Berlin Day Trips: A Visit to Potsdam

There is plenty to do on a trip to Berlin. Germany’s capital is full of not only historical sights, but a burgeoning arts scene, as well.

But if you have the time, consider a visit to Potsdam as one of your Berlin day trips.

Potsdam is the largest city in the German state of Brandenburg. It has an important history of its own as the site of the Potsdam Conference, a meeting of the world’s “Big Three” to negotiate the terms of the end of World War II.

It’s also quite a bit more peaceful than Berlin, with opportunities to enjoy extensive green space and palaces with fewer crowds than in the city. 

So what are you waiting for?

Berlin Day Trips: A Visit to Potsdam

How do I get to Potsdam from Berlin?

Potsdam is an easy day trip from Berlin and just a 35-minute train ride on the S-Bahn. You’ll board at Berlin Central Station and ride the train until you get to the main stop in Potsdam, S Potsdam Hauptbahnhof. 

If your timing’s right, an even faster route is taking the RE1 train, which also leaves from Berlin Central Station to Potsdam’s city center. That journey will only take you 25 minutes from platform to platform.

How do I get around Potsdam?

Once you’re in Potsdam, you’ll find that the sites are quite spread out, making it difficult to plot a walking tour of the city. You’ll find many of the locals moving about on bicycles, and it’s a great way to see the city at your own pace. There are bicycle rentals just outside the main train station where you’ll be arriving in Potsdam.

Potsdam also has a network of buses and trams that transport locals and tourists from place to place. If your focus is Schloss Sanssouci, bus lines 614 and 695 leave from the main train station.

Best Things to See in Potsdam

There is plenty to see in Potsdam to take up a full day on your Berlin day trip. Check out the highlights below to help you better plan your Potsdam day trip itinerary.

Schloss Cecilienhof, built-in 1917, is known for being the site of the Potsdam Conference. Now a museum, you can access the palace through Neuen Garten, or New Garden.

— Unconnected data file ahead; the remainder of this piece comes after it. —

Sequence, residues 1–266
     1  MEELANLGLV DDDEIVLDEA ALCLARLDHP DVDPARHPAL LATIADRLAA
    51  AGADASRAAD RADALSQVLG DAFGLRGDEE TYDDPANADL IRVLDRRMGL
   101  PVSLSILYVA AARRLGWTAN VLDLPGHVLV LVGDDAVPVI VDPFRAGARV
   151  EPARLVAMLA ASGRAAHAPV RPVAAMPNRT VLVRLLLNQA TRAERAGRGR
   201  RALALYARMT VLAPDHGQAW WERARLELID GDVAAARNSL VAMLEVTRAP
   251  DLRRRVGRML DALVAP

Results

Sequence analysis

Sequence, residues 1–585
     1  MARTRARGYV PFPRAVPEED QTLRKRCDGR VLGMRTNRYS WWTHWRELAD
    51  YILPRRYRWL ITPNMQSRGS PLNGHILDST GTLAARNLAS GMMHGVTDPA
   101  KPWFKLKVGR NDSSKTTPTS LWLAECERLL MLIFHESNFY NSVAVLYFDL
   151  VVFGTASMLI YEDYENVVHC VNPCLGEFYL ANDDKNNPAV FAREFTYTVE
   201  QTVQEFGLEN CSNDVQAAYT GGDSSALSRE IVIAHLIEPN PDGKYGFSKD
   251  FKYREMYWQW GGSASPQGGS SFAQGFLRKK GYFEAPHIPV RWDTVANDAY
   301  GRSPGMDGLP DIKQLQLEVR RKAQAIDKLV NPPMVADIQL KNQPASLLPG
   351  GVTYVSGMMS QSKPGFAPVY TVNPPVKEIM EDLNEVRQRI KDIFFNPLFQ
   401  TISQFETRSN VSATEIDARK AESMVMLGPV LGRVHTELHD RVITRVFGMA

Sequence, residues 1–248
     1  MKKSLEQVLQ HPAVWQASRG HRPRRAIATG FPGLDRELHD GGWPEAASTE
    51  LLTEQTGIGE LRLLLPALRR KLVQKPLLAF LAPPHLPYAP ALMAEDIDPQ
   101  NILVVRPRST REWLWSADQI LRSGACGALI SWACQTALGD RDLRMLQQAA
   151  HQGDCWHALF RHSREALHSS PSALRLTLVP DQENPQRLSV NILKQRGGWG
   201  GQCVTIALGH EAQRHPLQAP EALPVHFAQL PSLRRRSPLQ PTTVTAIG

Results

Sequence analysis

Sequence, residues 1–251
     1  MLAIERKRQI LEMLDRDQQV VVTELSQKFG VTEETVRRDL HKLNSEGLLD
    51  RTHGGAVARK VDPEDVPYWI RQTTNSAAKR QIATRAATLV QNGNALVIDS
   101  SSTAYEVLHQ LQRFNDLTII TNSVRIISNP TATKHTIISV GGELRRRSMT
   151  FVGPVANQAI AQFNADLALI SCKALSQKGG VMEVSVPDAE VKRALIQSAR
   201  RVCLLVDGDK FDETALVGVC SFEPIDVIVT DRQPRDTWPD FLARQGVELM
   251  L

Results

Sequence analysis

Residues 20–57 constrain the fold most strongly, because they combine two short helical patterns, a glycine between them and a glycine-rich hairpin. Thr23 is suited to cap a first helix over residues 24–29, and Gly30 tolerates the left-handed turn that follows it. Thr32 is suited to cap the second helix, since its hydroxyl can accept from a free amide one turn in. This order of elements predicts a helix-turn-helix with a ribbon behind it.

Find your favorite palace.

Potsdam gets high marks for its scenery, with several palaces for you to explore on your visit that is open to the public.

Schloss Cecilienhof, built-in 1917, is known for being the site of the Potsdam Conference. Now a museum, you can access the palace through Neuen Garten, or New Garden. The palace is closed Mondays. Otherwise, it opens at 10 am daily; closing hours vary by season but can be viewed on the palace website.

Schloss Sanssouci is an 18th-century palace known for its approach. In fact, some have described it as a yellow wedding cake thanks to its ornate exterior. You’ll have to climb a flight of very scenic vineyard terraces to get there. 

Once you’re there, you can take a self-guided tour, which comes with an audio guide. You’ll learn the palace was a favorite residence of Frederick the Great, the former King of Prussia, who spent many a summer there with his dogs. His grave was actually moved there in 1991, to the highest terrace.

Schloss Sanssouci is an 18th-century palace known for its approach. the palace was a favorite residence of Frederick the Great, the former King of Prussia, who spent many a summer there with his dogs. His grave was actually moved there in 1991, to the highest terrace.

Schloss Sanssouci is closed on Mondays. Otherwise, it opens at 10 am daily; closing hours vary by season but can be viewed on the palace website

When you’re done exploring Schloss Sanssouci’s interior, you can spend even more time exploring the park it’s in, Park Sanssouci. You’ll just need to decide whether you’re after botanical gardens, Roman baths, the Chinese House, Karl Friedrich Schinkel’s Schloss Charlottenhof, or Neues Palais, to name some of the main attractions.

Each site within requires separate admission, so you’ll need to plan accordingly, or better yet, purchase a combination ticket to the park’s attractions upon your arrival.